...as well as (still sociologists): Gary Alan Fine, Erving Goffman, Wendy Griswold, Neil Gross, James Davison Hunter, Gabe Ignatow, Hans Joas, Shamus Khan, Michèle Lamont, Vanina Leschziner, Michael Lindsay, Gerardo Marti, Doug McAdam, Ashley Mears, Doug Porpora, Isaac Reed, Lauren Rivera, Saskia Sassen, William Sewell Jr., Philip Smith, Iddo Tavory, David Voas, Loïc Wacquant, Brad Wilcox, Robert Wuthnow, Eviatar Zerubavel, Phil Zuckerman, and Sharon Zukin.

Outside of sociology, I have also been influenced by contemporary writers and scholars such as Sohrab Ahmari, Ryan Anderson, Greg Bahnsen, David Bebbington, Francis Beckwith, Arthur Brooks, David Brooks, J. Budziszewski, Patrick Deneen, Alexandra DeSanctis, Kevin DeYoung, Ross Douthat, Rod Dreher, Mary Eberstadt, Abigail Favale, John Finnis, Philippa Foot, Robert George, Mary Ann Glendon, Ruth Groff, Jonathan Haidt, John Inazu, Tim Keller, and Robert Koons...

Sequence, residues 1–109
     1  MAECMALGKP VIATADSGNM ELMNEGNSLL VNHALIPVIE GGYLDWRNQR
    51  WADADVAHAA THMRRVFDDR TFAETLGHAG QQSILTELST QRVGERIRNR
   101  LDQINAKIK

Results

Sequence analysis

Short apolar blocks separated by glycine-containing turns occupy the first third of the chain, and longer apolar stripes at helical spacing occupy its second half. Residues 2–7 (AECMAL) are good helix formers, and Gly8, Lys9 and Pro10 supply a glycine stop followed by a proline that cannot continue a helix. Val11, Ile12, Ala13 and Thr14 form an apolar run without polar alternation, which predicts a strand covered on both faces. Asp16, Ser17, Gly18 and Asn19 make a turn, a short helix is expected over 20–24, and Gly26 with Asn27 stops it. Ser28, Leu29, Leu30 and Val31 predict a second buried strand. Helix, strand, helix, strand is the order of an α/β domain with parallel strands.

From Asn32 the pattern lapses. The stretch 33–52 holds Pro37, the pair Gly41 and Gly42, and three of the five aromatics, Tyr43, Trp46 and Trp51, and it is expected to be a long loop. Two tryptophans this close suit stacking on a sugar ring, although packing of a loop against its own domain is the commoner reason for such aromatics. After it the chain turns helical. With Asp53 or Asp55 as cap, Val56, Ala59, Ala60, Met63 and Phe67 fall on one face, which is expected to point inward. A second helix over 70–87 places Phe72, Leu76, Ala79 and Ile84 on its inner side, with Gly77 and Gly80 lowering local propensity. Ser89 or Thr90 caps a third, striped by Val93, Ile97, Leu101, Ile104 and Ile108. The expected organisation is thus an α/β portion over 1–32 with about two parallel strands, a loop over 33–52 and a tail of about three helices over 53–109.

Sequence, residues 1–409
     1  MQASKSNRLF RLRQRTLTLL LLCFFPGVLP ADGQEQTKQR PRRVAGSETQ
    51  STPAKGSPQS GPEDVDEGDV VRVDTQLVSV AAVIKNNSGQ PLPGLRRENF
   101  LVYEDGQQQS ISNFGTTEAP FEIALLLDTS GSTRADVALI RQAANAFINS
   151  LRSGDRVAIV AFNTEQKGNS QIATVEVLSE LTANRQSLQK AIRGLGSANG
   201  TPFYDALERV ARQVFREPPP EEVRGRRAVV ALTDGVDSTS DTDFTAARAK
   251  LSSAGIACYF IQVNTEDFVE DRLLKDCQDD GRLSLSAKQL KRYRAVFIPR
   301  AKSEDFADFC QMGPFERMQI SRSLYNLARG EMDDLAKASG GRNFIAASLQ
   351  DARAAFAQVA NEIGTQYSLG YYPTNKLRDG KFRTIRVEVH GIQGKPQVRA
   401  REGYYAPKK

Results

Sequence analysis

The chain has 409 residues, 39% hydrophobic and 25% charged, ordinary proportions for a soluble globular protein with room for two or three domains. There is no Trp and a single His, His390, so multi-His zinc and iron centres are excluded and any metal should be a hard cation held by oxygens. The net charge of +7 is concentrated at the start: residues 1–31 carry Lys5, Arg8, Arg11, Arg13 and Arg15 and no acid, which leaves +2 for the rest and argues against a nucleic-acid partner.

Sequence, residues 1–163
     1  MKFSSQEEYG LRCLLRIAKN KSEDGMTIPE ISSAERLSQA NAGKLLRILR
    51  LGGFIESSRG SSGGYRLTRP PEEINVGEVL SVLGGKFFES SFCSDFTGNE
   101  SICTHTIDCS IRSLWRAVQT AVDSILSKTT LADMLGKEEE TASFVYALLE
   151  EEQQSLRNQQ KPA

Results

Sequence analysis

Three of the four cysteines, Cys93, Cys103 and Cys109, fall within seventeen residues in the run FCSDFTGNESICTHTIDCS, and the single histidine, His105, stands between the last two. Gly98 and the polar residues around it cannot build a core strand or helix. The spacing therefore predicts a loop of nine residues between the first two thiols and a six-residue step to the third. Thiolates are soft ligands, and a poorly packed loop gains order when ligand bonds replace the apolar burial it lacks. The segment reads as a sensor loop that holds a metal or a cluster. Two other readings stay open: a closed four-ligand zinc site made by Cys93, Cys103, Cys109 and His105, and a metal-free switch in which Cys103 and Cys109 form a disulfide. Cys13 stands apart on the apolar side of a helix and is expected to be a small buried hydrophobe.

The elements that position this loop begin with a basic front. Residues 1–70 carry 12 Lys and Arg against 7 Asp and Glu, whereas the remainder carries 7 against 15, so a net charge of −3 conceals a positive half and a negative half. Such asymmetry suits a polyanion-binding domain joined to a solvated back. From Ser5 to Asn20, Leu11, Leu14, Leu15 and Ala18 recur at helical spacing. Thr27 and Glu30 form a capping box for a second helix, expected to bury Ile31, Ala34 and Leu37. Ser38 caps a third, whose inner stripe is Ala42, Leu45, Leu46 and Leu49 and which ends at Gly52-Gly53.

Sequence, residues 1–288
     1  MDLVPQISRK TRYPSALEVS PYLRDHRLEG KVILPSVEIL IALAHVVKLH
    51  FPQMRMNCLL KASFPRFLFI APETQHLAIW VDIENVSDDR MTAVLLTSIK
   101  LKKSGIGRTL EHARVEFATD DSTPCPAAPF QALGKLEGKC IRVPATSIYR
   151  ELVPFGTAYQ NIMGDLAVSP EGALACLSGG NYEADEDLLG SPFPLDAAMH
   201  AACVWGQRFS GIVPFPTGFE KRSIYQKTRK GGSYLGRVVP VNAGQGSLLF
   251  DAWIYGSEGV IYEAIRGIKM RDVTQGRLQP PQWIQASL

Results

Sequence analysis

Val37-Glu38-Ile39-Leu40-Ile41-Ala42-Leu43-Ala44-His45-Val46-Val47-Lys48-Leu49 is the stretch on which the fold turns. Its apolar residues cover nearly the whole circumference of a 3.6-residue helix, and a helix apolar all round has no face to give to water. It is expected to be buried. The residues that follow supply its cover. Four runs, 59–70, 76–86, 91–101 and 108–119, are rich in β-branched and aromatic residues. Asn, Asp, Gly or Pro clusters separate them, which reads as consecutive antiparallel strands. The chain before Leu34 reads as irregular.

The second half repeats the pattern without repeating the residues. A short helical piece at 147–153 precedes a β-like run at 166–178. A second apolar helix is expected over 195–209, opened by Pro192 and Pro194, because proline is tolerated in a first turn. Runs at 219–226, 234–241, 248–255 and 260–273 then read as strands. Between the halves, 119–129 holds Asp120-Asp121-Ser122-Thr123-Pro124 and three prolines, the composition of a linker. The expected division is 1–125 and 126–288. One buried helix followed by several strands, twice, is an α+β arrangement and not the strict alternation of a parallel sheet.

...along with: Patrick Lee, Yuval Levin, Alasdair MacIntyre, George Marsden, Russell McCutcheon, Russell Moore, Melissa Moschella, Mark Noll, Martha Nussbaum, Chad Pecknold, Alvin Plantinga, Vern Poythress, Roger Scruton, Lawrence Sklar, James K. A. Smith, R. C. Sproul, Charles Taylor, Carl Trueman, Kevin Vanhoozer, Adrian Vermeule, and Peter Wehner. Also, I subscribe pretty much entirely to Catholic social teaching.


I got married in the Fall of 2013, and now live with my wife and young daughter near Ann Arbor, Michigan. I don't have many hobbies, but I enjoy a good book, an occasional bourbon, and observing the liturgical calendar. On matters of theology and ethics, I’m influenced broadly by the Reformed and Catholic traditions. I've also recently taken up hosting documentary nights with friends at my family's home on topics related to religion and society.

Thank you for stopping by my website, and feel free to reach out by clicking on the "contact" tab at the top or you can click right here.